Cannabis and Pregnancy - Weighing the Risks

As featured in 1000 Watts Magazine – a bright idea for patients by patients –

GreenNurses on Cannabis and Pregnancy

Photography; Mark Fratoni

A Discussion of the Challenges Pregnant Women Face When Deciding to Use Medications While They’re Caring for Two

Precluding pregnant women from clinical drug research presents risks

According to the Centers for Disease Control and Prevention, 9 out of 10 women take medicine during pregnancy, 7 out of 10 report take at least one pharmaceutical medication. For many pregnant women, choosing to take medications during pregnancy is a difficult decision. The risks associated with taking most medications during pregnancy is largely unknown, mainly due to the long-held standard that it is unethical to include pregnant and breastfeeding women in clinical trials and other research studies to determine drug safety and efficacy. The health risks to the developing fetus are too great, and therefore, this population gets left out of necessary research. Pregnant women are still women with health conditions and illnesses that require treatment, so very often, women are left having to weigh the risk versus benefits for taking medications during pregnancy. The same risk versus benefit analysis is also necessary in the breastfeeding period. In this regard, women typically find themselves having to consider the potentially negative impacts for their babies should they choose to use a medication, or the potentially negative impacts that they could face should they choose not to take the medication in question. In both cases, the decision is profoundly difficult.

How do pregnant women decide whether or not to use a medication, with or without the oversight of their obstetrician or midwife?

The U.S. Food and Drug Administration (FDA) has a convenient list of categories that many women turn to when they are trying to determine if a medication is safe to consume during the perinatal period or not. These risk categories were developed because an estimated 10 percent or more of birth defects result from maternal drug exposure, therefore health practitioners and women needed a simple way to review risks for the purpose of making informed decisions. (These categories have been revamped in recent years to include lactation risks, but for the purpose of this article, we’ll stick with the original category list.)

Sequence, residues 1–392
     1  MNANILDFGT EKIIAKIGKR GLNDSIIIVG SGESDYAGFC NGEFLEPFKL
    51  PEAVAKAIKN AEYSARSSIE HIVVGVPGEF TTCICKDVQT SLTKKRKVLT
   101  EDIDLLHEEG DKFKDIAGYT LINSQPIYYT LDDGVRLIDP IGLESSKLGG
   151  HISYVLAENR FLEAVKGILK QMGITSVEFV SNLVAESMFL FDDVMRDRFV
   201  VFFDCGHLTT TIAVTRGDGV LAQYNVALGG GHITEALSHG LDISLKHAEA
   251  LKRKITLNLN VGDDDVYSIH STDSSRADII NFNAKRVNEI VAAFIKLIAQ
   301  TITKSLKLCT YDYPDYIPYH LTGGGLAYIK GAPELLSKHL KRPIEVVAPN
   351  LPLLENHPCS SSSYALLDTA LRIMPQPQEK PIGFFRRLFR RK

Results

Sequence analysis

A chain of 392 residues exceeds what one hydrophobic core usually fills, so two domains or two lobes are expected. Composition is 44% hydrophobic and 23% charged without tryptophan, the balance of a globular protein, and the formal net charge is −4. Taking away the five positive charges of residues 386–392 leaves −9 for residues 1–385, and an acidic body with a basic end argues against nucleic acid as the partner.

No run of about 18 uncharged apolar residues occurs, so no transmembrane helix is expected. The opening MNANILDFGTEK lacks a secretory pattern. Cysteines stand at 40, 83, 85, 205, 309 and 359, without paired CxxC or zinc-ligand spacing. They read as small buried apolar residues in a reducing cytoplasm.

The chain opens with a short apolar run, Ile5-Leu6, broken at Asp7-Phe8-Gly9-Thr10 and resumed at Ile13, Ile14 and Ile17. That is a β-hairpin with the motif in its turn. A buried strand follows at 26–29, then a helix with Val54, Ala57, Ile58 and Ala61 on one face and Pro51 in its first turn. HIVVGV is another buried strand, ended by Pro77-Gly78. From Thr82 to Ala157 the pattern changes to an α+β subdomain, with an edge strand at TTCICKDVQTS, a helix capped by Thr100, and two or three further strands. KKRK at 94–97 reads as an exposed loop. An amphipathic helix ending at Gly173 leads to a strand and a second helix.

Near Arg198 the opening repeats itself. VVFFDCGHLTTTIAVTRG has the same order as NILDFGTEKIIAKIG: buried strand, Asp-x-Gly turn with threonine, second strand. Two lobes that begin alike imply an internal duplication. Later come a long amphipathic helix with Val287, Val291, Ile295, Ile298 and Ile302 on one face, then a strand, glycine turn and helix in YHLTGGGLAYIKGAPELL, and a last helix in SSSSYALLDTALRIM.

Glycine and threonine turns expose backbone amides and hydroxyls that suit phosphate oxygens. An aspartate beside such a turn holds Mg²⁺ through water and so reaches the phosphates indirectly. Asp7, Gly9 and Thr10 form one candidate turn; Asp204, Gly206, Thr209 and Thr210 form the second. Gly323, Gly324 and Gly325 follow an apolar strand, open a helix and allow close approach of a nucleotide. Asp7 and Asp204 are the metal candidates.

Unfortunately, due to the fact that women who are pregnant and breastfeeding are largely precluded from drug clinical trials and research studies, some of the FDA risk categories carry a common and less than reassuring theme. Category A drugs tend to be considered relatively safe throughout all trimesters, for example — levothyroxine (Synthroid) can be found in this category. Categories B and C were developed on results from animal reproduction studies which may or may not transfer well to clinical use in human beings. Both categories carry the statement “there are no adequate and well-controlled studies in pregnant women.” Category B lists many over the counter medications including Tylenol and Benadryl, considered very safe by most perinatal and obstetric health providers. And then there are Categories D and X where there is “positive evidence of human fetal risk” determined mainly by adverse reaction reports.

The challenge of treating mental illness during pregnancy

Category C is arguably the most disconcerting because this is the category where most commonly prescribed antidepressants fall. Herein lies a significant issue — women in the childbearing years are at increased risk for developing depressive and anxiety disorders. As a result, antidepressants, specifically selective serotonin reuptake inhibitors (SSRIs) are the most frequently used class of prescribed drug by pregnant and breastfeeding women. But the use of these medications is not without risk, especially during the first trimester in which there is an increased risk of miscarriage with the use of some SSRIs. All psychotropic medications cross the placenta and risks to the developing child do exist. These medications may alter brain development in the exposed fetus which may lead to increased rates of depression later in life.

Category D is where anti-anxiety medications tend to fall. Klonopin, ativan, and xanax and other benzodiazepenes comprise this category. These drugs are not prescribed to to pregnant women as regularly as SSRIs, but the use of these medications is prevalent enough to note. These drugs also cross the placenta. Newborns exposed to benzodiazepenes inutero may struggle with decreased muscle tone, breathing challenges, and increased sedation which may be dis